‘It was a miracle’: How ‘written in blood’ safety rules saved lives in Tokyo plane crash – Times of India

In a harrowing yet miraculous incident on Tuesday, passengers aboard Japan Airlines (JAL) flight 516 narrowly escaped a catastrophic event at Haneda Airport, Tokyo. The routine flight from Sapporo to Tokyo, one of the globe’s busiest air routes, ended in a dramatic runway collision and an ensuing inferno.
The Airbus A350, filled with 379 passengers and crew, collided with a Coast Guard plane immediately after landing, igniting a massive fire. In a tragic turn, five of the six Coast Guard crew members perished.
Satoshi Yamake, a 59-year-old telecom worker, was among those returning to Tokyo. “I felt the jolt and saw the engine ablaze,” he recalled, painting a vivid picture of the chaos that ensued at 5.46 pm. The circumstances of the collision, a rarity in modern aviation thanks to advanced safety measures, are currently under intense investigation.
Genki Miyamoto, the 39-year-old captain of the Coast Guard plane, miraculously survived, though his crewmates, aged between 27 and 56, were not as fortunate. Miyamoto’s survival and subsequent alert to his base about the explosion added a glimmer of hope amidst the tragedy.
Inside the JAL aircraft, a scene of panic unfolded as smoke engulfed the cabin. Tsubasa Sawada, a 28-year-old resident of Tokyo, described the initial underestimation of the situation, which quickly escalated as the fire grew. “I really thought I was going to die,” Sawada expressed, echoing the sentiments of many aboard.
Despite the ensuing chaos, the flight attendants played a pivotal role in maintaining order, urging passengers to remain calm and cooperate. Their efforts were complemented by the swift response of 115 fire-fighting units, who battled the flames that eventually consumed the aircraft.
Yamake praised the efficiency and orderliness of the evacuation, noting the absence of hand luggage, a practice often discouraged by aviation safety agencies. Paul Hayes, an air safety director, lauded this as a miraculous achievement, emphasizing the critical role of the cabin crew.
“I can only say it was a miracle, we could have died if we were late,” a passenger told Reuters.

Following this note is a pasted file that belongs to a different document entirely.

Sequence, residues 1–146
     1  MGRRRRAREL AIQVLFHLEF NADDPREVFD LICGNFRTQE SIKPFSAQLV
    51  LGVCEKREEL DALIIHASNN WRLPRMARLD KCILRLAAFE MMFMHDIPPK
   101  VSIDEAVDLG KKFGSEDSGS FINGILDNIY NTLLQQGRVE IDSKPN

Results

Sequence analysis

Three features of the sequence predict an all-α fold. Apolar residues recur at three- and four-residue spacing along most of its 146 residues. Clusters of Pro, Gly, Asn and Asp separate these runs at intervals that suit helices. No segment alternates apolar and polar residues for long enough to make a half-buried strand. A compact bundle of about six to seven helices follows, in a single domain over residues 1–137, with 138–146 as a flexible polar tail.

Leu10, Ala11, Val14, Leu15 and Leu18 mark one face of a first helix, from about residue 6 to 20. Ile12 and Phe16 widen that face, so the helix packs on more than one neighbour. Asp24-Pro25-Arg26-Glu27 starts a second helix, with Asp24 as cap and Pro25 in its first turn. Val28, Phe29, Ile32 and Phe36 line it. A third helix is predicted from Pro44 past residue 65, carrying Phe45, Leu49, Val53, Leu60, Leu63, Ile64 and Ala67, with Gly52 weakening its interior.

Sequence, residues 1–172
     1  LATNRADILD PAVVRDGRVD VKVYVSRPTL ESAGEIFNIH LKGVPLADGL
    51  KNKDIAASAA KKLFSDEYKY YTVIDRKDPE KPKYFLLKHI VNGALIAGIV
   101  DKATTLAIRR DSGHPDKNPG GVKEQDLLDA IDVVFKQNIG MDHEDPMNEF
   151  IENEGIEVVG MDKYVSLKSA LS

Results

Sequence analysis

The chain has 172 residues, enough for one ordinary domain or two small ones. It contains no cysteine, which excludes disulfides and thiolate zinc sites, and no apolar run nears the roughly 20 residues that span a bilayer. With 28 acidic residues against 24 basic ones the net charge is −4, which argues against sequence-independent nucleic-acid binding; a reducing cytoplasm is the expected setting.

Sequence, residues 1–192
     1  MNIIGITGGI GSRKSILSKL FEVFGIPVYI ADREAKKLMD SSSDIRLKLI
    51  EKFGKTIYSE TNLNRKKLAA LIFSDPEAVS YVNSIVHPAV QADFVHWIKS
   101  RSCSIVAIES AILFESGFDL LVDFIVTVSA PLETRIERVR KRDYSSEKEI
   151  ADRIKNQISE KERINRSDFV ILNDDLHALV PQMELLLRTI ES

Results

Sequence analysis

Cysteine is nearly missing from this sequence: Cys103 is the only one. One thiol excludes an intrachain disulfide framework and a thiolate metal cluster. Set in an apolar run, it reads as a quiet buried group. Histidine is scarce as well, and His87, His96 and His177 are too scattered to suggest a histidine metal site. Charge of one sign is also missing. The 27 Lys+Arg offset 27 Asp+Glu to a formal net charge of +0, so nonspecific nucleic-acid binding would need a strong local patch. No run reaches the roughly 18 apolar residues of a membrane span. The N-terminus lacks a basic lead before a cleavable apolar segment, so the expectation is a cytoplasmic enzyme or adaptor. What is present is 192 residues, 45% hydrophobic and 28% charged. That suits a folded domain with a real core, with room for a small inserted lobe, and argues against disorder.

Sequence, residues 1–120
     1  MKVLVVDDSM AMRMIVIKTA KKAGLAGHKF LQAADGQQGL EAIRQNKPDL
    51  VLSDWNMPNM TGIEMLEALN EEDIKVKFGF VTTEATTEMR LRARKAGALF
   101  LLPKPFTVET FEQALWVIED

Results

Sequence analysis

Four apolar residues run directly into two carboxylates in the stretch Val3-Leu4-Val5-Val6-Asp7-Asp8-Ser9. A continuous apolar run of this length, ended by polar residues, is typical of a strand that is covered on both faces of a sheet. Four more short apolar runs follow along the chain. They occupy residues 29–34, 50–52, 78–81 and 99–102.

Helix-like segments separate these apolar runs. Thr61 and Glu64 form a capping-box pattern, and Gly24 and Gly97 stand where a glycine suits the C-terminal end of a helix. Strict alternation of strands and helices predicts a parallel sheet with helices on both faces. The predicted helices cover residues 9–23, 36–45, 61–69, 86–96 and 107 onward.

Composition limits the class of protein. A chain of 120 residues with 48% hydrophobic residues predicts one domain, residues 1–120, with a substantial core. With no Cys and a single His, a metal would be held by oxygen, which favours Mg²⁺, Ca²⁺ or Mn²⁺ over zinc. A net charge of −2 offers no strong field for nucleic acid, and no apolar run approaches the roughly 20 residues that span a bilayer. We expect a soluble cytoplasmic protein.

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The Japanese transport ministry acknowledged the airline’s evacuation procedures as “conducted appropriately.” Sawada’s reflection on the incident as a “miracle” underscores the passengers’ collective relief and newfound apprehension towards flying.
According to a CNN report, this incident at Haneda Airport highlights the crucial role of aviation safety procedures, a legacy of past tragedies that have shaped current standards. Graham Braithwaite, a professor at Cranfield University, points to Japan Airlines’ transformation following a devastating accident in 1985, where 520 lives were lost due to a faulty repair. This event marked a turning point for the airline, leading to a culture deeply rooted in safety and continuous improvement.
JAL staff are acutely aware that the current standards of aviation safety have been established through past tragedies. As one pilot poignantly told CNN, these safety records are “written in the blood of others who haven’t been so fortunate.” This somber reality underlines the fact that each accident is transformed into a learning opportunity, “shared across the industry so crew can all be better at their jobs.”
Japan Airlines’ commitment to safety is evident in its consistent ranking among the world’s safest airlines by Geoffrey Thomas, the editor-in-chief, commends the airline for its safety record post-1985, a testament to its adherence to stringent safety audits and procedures, the CNN report said.
(With inputs from agencies)

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